Simply, the act of walking into a large conference room with a bicycle helmet strapped to my work bag prompted quite a number of comments. I was amazed. First, though, let me back up...
Last week, I spent two days at a conference. It was a relief that this year the conference was held in a city not far from my own since last year I had to travel to Boston for a couple of days. Now, I like Boston, but at this time of year, I find it extremely difficult to be away from my job and my kids for multiple overnights. So while the idea of luxuriating by myself in a hotel room (a.k.a. going to the bathroom without anyone barging in) makes me salivate profusely, the truth is that getting away right now is more difficult than the pay-off seems to be. Therefore, I appreciated that this year I could commute to the conference from home and even stop into the office if necessary.
The question I batted around with my colleague, who was also attending, was just how we were going to get there. It's a pretty convenient train ride to this other city so that seemed like the obvious choice, but there was some concern that we would have far less control over our schedules and there were logistical questions of getting to the train station from home and getting to the conference site on the other end. While I do own a car, I did not offer to drive. Since we are a one-car family and I was leaving P with the juggle of getting three boys to different places and some prediction of bad weather, I thought it best to leave him with the four-wheeled beast just in case. My colleague, ultimately deciding that she would like the convenience of deciding our own departure times and not be beholden to Metro North's schedule, offered to drive us both. I was actually quite pleased thinking that this would be far-and-away the easiest thing for me. I wouldn't be the one driving AND I didn't need to figure out the logistics that would require multi-steps and some advanced planning of getting there not by car.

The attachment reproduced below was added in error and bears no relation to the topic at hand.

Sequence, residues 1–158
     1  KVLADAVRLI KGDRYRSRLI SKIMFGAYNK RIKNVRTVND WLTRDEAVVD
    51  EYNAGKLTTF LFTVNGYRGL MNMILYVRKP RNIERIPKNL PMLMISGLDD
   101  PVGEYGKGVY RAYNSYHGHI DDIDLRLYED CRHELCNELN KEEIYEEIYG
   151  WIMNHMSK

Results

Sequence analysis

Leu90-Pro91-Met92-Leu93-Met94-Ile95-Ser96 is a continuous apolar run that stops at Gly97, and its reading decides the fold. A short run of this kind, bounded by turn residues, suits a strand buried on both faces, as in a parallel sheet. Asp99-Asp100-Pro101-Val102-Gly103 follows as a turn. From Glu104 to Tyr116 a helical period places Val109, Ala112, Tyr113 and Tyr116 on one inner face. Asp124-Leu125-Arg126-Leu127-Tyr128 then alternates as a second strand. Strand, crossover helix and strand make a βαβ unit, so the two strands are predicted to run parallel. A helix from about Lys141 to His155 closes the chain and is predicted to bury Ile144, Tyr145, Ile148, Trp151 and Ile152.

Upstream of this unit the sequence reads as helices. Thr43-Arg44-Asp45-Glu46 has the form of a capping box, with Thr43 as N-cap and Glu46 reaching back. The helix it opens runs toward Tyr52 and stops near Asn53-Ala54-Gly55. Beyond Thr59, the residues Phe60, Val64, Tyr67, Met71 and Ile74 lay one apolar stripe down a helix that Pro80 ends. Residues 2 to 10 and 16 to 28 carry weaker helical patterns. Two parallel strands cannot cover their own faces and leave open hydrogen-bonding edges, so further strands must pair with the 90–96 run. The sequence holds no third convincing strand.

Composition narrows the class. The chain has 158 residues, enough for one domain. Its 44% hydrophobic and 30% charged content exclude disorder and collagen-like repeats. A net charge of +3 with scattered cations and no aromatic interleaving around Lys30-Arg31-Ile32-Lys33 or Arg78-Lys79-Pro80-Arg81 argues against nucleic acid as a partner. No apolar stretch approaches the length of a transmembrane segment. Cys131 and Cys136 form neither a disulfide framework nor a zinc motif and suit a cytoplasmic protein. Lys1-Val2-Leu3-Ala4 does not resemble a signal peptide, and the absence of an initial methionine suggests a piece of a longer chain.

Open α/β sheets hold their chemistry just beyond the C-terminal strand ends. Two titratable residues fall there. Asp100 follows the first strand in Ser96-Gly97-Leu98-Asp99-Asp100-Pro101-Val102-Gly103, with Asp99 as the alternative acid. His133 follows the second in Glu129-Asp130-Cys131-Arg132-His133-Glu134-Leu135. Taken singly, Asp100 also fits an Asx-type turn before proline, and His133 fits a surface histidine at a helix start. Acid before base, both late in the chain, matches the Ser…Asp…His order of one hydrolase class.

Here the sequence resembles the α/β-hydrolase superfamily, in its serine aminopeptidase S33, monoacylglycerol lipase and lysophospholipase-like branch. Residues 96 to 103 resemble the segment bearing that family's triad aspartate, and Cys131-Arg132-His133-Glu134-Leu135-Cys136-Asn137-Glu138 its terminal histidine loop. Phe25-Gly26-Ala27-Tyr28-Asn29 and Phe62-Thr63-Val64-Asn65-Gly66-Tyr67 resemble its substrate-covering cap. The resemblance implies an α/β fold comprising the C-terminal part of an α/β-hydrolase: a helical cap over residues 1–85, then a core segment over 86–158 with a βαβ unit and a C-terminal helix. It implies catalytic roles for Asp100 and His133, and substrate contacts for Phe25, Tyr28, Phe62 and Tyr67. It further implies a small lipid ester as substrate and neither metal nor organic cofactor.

While I hunkered down at work and skipped the first day of the conference, a newcomer's session, my colleague headed south in her car. Unfortunately, right before she reached the conference site, she ended up in a slight accident that thankfully caused no injuries, but did some damage to her car. She did not feel comfortable driving it until it was fixed so that evening by phone, we plotted a Plan B. Yes, we would take the train. How would we get to the station? Well, I couldn't ask my husband to wake up three kids at 5:20 AM and drive us there (nor could we leave three little sleeping boys home alone). Yes, we could call a cab. Or simply-- we could ride our bikes.
We arranged for a meeting time and place and the next morning. Far earlier than normal, I strapped on my bike helmet, loaded my Xtra with my laptop and work bag, dropped my travel coffee mug into its brand new holder on my handle bars, added some good lights to my bike, and pedaled off. I must admit that I was cursing myself a bit here. Because we were taking the train, we needed to leave earlier than I thought we would had we been driving. And because I was riding to the train station on a bike on a day where some bad weather was predicted, I had to think a bit more about what I would wear and bring with me to accommodate the time and weather. The weather turned out to be brisk, not horrible, and thanks to Daylight's Savings Time (ugh, I hate it in the evening), it was fairly light out. The streets were mostly quiet but it was interesting to see who was out and about at that time of the morning. Not too long into my ride, I met up with my colleague on her bike, and off to the train station we went.